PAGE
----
Wizards All-Star Bradley Beal revealed Monday during the team’s media day that he has not gotten a COVID-19 vaccine, citing personal reasons.
“I don’t feel pressure, I don’t think you can pressure anybody to making a decision about their body or what they put into their body,” Beal told reporters. “We can have this conversation about a lot of different topics besides vaccines, too. You can’t necessarily force anybody, I think you kind of let people come into their own about it.”
Beal, 28, had COVID-19 in July, which caused him to withdraw from Team USA’s 12-man roster for the Tokyo Olympics. The three-time All-Star was placed under the team’s health and safety protocol before Team USA confirmed Jerami Grant would replace him at the Summer Games.
“Yeah I had it, but that doesn’t mean I can’t get it again,” Beal said. “I mean it’s no different than somebody with the vaccine. Yes, I developed antibodies for it, so my chances will be less likely for it as well. It’s still a possibility, just like there are players and coaches and staff who are vaxxed that are missing camp as well.”
Beal explained that he, personally “didn’t get sick at all,” when he had COVID-19, but lost his sense of smell.
“I would like an explanation to people with vaccines, why are they still getting COVID?” Beal said. “If that’s something we’re supposed to highly be protected from, that’s funny that it only reduces your chances of going to the hospital. It doesn’t eliminate anyone from getting COVID.”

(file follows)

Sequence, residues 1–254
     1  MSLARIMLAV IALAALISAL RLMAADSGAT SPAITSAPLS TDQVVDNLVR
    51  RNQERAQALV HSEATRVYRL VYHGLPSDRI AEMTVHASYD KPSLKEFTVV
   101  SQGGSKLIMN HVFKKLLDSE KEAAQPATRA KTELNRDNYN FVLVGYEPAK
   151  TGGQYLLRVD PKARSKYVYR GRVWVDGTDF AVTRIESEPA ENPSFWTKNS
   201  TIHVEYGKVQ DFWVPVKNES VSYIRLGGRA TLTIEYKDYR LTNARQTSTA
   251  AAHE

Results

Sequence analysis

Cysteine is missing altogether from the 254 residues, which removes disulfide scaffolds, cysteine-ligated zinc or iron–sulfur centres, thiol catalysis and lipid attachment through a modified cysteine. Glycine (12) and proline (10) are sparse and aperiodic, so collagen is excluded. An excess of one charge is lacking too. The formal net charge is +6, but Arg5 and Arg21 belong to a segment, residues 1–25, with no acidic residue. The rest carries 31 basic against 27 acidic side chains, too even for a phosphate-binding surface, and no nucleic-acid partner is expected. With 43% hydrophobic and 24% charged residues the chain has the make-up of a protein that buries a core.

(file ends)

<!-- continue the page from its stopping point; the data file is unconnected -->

Since Delta became the dominant variant in the U.S., over the last several months, vaccinated people have been found to have a reduced risk of five times of becoming infected with COVID and a reduced risk of more than 10 times of hospitalization and death, according to the CDC.
Kyle Kuzma — whom the Wizards acquired from the Lakers in the Russel Westbrook — followed Beal’s comments, also saying “It’s personal” when asked if he is vaccinated.
“At the end of the day nobody really knows how things are going to go. America doesn’t know. Certain things in health should be personal. Especially us as athletes and the platform we have. I believe certain things should always be kept in house,” Kuzma said.
Under the NBA’s new proposed guidelines, unvaccinated players must follow much stricter protocols than vaccinated players.
In the memo sent to all 30 teams in early September, the NBA said it will follow local regulations on vaccinations against COVID-19. Therefore, unvaccinated players in New York and San Francisco will be barred from playing home games, potentially affecting rosters for the Nets and Warriors; on Friday, Knicks general manager Scott Perry said all Knicks players, coaches and training staff are fully vaccinated.
Kyrie Irving did not attend Monday’s Nets media day in-person due to New York’s vaccination rules, and met with reporters over Zoom. Irving did not confirm reports that he is unvaccinated, and asked for privacy when asked about his vaccination status.
The NBA announced Friday that it rejected Andrew Wiggins’request for a religious exemption to the local COVID-19 vaccination order.
In the NBA’s new proposed guidelines, unvaccinated players are also required to practice social-distancing from vaccinated players during events such as team meals and meetings. Unvaccinated players also may be required to eat and travel, which includes flying and riding buses, in different sections.
Additionally, unvaccinated players will have to undergo testing on game days and practice days — and possibly more than once on game days. Vaccinated players, meanwhile, will not undergo daily testing.
The proposed rules are not final and subject to ongoing talks with the National Basketball Players Association.